The Global Amnesty Watch Foundation on Friday gave pass mark to the Nigerian Army in its handling of detainees suspected of having links with Boko Haram terrorists in Borno.
The organisation’s Country Representative, Mrs Helen Adesola, gave the pass mark at a news conference after a tour of military detention facility in Maiduguri.
Adesola said that the team of Amnesty officials visited the state on fact finding mission, following alleged abuse of detainees by the army.
She added that the visit was also to investigate suspected outbreak of meningitis among inmates.
She said “Global Amnesty Watch, in line with its mandate, took it upon itself to undertake a fact finding tour of military detention facility in Maiduguri after it got information that the Serotype C Strain of Cerebro Spinal Meningitis (CSM) has found its way into the facility.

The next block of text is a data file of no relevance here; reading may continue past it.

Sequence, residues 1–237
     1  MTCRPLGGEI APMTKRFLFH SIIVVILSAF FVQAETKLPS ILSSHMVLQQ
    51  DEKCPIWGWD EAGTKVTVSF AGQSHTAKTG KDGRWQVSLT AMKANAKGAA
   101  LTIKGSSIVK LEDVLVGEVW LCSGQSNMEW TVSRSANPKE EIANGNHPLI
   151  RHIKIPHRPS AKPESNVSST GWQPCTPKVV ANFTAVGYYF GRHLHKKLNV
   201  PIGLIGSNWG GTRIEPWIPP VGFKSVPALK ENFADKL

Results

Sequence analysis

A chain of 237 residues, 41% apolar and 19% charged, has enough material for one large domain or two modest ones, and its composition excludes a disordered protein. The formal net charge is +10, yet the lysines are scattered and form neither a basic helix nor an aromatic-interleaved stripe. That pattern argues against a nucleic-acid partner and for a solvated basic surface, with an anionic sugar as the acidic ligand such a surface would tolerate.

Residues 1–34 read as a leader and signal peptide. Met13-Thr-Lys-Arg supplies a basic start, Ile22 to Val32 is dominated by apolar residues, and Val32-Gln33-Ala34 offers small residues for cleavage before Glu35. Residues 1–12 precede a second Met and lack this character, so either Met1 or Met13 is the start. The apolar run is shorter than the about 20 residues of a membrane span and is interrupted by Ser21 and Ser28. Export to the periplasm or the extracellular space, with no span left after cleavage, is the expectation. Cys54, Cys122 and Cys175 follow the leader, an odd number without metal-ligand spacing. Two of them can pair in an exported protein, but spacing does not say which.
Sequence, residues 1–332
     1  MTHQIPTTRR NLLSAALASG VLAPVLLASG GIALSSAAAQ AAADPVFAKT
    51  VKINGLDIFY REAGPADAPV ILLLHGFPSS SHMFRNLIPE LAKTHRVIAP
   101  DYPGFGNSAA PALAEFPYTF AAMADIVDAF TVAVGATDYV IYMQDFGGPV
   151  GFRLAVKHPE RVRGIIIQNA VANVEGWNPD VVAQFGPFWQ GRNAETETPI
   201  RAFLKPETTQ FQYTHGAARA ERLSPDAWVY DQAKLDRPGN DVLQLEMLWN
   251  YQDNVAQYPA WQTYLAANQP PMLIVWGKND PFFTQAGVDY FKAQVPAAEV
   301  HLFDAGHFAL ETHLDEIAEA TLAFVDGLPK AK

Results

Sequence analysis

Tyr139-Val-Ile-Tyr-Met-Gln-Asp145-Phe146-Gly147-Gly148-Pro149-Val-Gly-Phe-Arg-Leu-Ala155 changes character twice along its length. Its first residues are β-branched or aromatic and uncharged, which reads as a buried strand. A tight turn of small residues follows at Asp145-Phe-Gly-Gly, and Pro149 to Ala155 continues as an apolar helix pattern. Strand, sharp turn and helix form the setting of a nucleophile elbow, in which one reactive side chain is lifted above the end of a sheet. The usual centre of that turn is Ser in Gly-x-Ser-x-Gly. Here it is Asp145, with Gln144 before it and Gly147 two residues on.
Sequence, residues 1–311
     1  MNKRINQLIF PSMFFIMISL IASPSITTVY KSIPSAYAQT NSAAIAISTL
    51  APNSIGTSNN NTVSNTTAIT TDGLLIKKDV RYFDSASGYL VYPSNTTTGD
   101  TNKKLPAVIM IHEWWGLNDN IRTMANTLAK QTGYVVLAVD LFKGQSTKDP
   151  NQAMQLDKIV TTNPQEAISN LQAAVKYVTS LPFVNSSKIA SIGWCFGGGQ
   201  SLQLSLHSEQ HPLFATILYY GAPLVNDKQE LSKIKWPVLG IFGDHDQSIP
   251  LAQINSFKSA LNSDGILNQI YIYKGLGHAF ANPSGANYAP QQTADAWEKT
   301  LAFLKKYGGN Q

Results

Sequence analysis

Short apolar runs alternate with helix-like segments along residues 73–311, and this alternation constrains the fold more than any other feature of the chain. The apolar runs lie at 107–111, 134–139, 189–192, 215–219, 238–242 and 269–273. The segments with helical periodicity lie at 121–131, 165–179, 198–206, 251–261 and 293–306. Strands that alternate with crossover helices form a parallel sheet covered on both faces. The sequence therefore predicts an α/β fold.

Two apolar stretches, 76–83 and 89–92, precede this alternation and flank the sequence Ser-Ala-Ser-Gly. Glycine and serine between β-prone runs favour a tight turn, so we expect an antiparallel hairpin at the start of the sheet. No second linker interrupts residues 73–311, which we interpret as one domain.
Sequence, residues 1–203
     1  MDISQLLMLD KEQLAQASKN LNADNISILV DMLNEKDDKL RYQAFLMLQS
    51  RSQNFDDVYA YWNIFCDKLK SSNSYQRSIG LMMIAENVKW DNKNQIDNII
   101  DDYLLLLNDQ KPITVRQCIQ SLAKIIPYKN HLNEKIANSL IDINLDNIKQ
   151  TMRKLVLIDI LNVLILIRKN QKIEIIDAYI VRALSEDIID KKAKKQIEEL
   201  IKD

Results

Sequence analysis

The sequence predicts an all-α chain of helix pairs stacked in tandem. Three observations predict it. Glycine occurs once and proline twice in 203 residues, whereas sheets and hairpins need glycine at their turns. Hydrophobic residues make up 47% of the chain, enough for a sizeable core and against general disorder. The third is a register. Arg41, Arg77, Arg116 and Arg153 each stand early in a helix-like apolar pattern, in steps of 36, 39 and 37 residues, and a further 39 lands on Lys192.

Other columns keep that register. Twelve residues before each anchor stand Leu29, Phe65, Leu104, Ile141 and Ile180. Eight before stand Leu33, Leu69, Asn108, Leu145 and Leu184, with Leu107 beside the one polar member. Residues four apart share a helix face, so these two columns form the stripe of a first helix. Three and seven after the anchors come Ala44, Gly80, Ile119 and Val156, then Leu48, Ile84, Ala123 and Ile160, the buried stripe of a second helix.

“The tour was undertaken in the firm believe that the detainees have basic rights that cannot be taken away from them.
“Their right to life requires that the disease is not allowed to ravage them.
“By the same token, the rest of the population in the state must be protected by ensuring that the detention facility is not left as reservoir for bacteria that causes meningitis.”
The country representative said the team had interacted with the inmates and had carried out extensive study on the detention facility.
“Our findings is that everything is in order at the detention facility, even though there is room for improvement.
“This is because the facility, like many others, requires additional intervention to ensure that authorities are able to better cater for sick inmates,” she said.
She explained that “much as the military must wake up to its responsibility since the detainees are based in Borno, the state government must not abandon them even though they are being held on suspicion of having link with Boko Haram.
“We will like to emphasise that based on our findings, the Nigerian Army, which is responsible for the detainees, is doing all within its power to ensure their well-being.”